The remedies provided under the agreement were alternative, that is, the appellant was to either make the roof waterproof, or else was to pay a proportionate share in replacing the defective materials.

Where a contract provides for alternatives, and an election of one alternative is manifested, all rights as between the parties will attach as from the making of the contract. Collins v. Whigham, 58 Ala. 438.

The appellant having elected to attempt to render the roof waterproof, and in fact having made six attempts to do so over a long period of time, is now in no position to insist that the appellee should have proceeded under the second alternative, the appellant's own conduct being such as to have lulled appellee into failing to assert his rights, and evidencing on appellant's part an election of the remedy to render the roof waterproof.

Appellant further asserts as error a failure by appellant to offer evidence reasonably establishing his damages.

In this regard the evidence introduced by the appellee showed that he paid $265 for the installed roof.

Appellee's evidence further tended to show that the roof was totally worthless for the purpose for which it was installed due to the defective quality of the roofing.

Title 57, Sec. 75(7) of our Sales Act provides:

"In the case of breach of warranty of quality, such loss, in the absence of special circumstances showing proximate damage of a greater amount, is the difference between the value of the goods at the time of delivery to the buyer and the value they would have had if they had answered to the warranty."

However, in the absence of other evidence, and there was none in this case, the purchase price agreed on is prima facie evidence of the value of goods had they been as warranted. Lamborn & Co. v. Green & Green, 150 Tenn. 38, 262 S.W. 467. Or as stated in 77 C.J.S., Sales, § 367, page 1305, which statement is supported by authorities from other jurisdictions: "In fixing the value of property if it were as warranted, as an element of the measure of damages, the purchase price has been said to be strong but not conclusive, the best, prima facie, strong prima facie, or, in the absence of other evidence, sufficient evidence of such value."

The evidence presented by the appellee further tended to show that the roof was valueless to the appellee for the purpose for which it was installed.

This being so it is our conclusion that all of such evidence furnished a sufficient basis on which the court could properly assess the damages as being the amount of the purchase price of the roof.

Appellant's counsel further urge as error the action of the court in excluding a portion of an answer given in the interrogatory of Mr. Pearson, the chemist with the Chicago Testing Laboratories. In this connection the record shows that the interrogatories to Mr. Pearson contained, among others, the following questions:

"(c) From all tests made by you, if any, of a portion of the roofing material contained in said envelope, did you form an opinion as to the waterproof qualities of same? "Mr. Mitchell: We move to exclude that as not being shown to be an expert and in the form of his answer he says `proving that it would be waterproof.' "Court: That objection to `proving' part of it is sustained. "Mr. Gibson: The defendant excepts. "(d) If your answer to the immediately preceding interrogatory is in the affirmative, please state your opinion as to the waterproof qualities of said piece of roofing material. "Mr. Mitchell: We object to that. "Court: Overruled. "Mr. Mitchell: We except. "Court: I will exclude that answer. "Mr. Gibson: The Defendant excepts."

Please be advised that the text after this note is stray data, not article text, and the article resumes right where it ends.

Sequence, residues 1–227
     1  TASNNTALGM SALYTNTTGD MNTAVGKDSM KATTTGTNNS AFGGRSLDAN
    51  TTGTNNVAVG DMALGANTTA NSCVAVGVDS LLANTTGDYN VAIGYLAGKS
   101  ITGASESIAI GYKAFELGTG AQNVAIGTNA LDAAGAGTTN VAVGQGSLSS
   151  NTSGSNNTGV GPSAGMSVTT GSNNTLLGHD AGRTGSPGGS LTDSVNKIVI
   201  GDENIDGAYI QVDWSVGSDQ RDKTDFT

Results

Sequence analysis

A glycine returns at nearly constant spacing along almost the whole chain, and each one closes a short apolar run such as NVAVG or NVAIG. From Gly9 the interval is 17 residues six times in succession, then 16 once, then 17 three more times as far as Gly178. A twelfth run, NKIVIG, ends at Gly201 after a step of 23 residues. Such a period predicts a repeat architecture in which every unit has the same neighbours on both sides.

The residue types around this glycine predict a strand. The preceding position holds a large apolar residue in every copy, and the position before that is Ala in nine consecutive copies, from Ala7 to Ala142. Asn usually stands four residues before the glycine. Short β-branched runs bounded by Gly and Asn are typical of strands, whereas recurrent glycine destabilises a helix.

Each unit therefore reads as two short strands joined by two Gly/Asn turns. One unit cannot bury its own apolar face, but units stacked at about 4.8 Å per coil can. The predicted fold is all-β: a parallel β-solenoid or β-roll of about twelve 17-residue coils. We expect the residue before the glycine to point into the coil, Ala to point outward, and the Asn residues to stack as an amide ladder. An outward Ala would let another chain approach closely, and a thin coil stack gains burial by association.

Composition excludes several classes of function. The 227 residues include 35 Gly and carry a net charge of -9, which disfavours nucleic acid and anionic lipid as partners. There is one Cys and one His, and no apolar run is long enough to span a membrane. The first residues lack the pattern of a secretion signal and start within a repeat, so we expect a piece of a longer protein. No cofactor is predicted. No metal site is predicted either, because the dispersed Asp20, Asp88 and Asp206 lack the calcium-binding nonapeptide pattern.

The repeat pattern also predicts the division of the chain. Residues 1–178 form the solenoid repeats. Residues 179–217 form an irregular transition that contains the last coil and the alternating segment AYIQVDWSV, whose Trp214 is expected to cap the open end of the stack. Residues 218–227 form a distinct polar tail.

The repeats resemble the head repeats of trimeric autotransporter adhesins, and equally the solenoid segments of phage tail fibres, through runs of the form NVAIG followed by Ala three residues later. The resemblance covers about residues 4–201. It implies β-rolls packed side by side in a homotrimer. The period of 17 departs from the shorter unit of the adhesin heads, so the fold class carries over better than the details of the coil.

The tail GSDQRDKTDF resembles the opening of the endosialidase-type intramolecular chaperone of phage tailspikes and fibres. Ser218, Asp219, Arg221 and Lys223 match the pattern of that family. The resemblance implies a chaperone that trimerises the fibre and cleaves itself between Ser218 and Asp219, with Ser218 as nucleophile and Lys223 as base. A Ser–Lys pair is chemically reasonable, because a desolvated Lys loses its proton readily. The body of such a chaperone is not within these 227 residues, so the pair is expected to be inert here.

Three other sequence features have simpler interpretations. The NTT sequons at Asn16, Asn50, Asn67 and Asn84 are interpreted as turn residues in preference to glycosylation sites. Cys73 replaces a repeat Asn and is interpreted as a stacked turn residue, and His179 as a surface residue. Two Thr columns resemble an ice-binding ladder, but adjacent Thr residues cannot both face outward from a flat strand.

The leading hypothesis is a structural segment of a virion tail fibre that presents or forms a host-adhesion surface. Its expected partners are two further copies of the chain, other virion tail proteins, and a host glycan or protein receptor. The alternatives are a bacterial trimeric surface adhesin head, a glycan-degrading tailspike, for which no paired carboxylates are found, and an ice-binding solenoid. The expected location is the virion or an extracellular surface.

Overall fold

The record further shows the following during the reading of the answers:

"To the Twenty-second (c) Interrogatory, he said: "Yes, I did. "To the Twenty-second (d) Interrogatory, he said: "The test proved beyond a doubt that this roofing is absolutely waterproof."

It will be noted that as the record appears, the ruling was actually applicable to question twenty-second d rather than to twenty-second c.

Counsel insists that the court erred in this connection in that it is reversible error to sustain an objection made for the first time during a trial to testimony in a deposition, as it should have been made before the trial to afford the proponent an opportunity to cure the defect. See Wallace v. Elliott, 220 Ala. 125, 124 So. 286; Title 7, Sec. 470, Code of Alabama 1940.

Pretermitting the question of our propriety to review this point because of the state of the record, and also pretermitting consideration of the validity of the legal principles urged by appellant's counsel as governing, it also appears that Mr. Pearson had previously testified in his deposition, without objection, that he had tested the specimen of roofing for waterproofness, and that the same was definitely waterproof. This was substantially the same evidence concerned in the ruling by the court. The ruling was therefore in any event without injury to appellant. Wallace v. Elliott, supra, Supreme Court Rule 45, Code 1940, Tit. 7 Appendix.

During the re-cross and re-direct examination of the appellant the record shows the following:

"Re-Cross Examination "By Mr. Gibson: "Q. Mr. Carroll, Mr. Mitchell asked you with reference to the last man of Becker Roofing Company that came out and talked to you, as to whether he offered you your money back or a new roof, and I believe you said that he did not, if he had, you would have been glad to have taken it. Did you mean the money or the roof? A. I meant the money. I wouldn't have accepted the roof. "Q. You wouldn't have accepted the roof? A. No, sir. "2nd Re-Direct Examination "By Mr. Mitchell: "Q. You would have accepted the roof, though, if he had offered it to you—a roof that was not defective? "Mr. Gibson: We object to that, on the grounds that it calls for an unauthorized conclusion; immaterial, leading, suggestive; invades the province of the Court as to what he would have done. "Court: Overruled. "Mr. Gibson: We except. "A. If he had offered a good roof, I would have accepted it."

Counsel for appellant argue that the court erred in overruling the objection to the question on redirect examination as shown above in that the question elicits self-serving testimony, and would involve a mental operation.

No error resulted in the above ruling. As the entire excerpt shows, the matter was first brought into evidence by the appellant on cross-examination.

A party may be examined as to his motive, reason, intent or purpose in doing a certain act where these acts have been injected into the evidence by the opposing party. Montgomery v. State, 2 Ala.App. 25, 56 So. 92; General Accident, Fire & Life Assur. Corporation v. Jordan, 230 Ala. 407, 161 So. 240; Armour & Co. v. Cartledge, 234 Ala. 644, 176 So. 334. See also 1 Ala. Lawyer 221.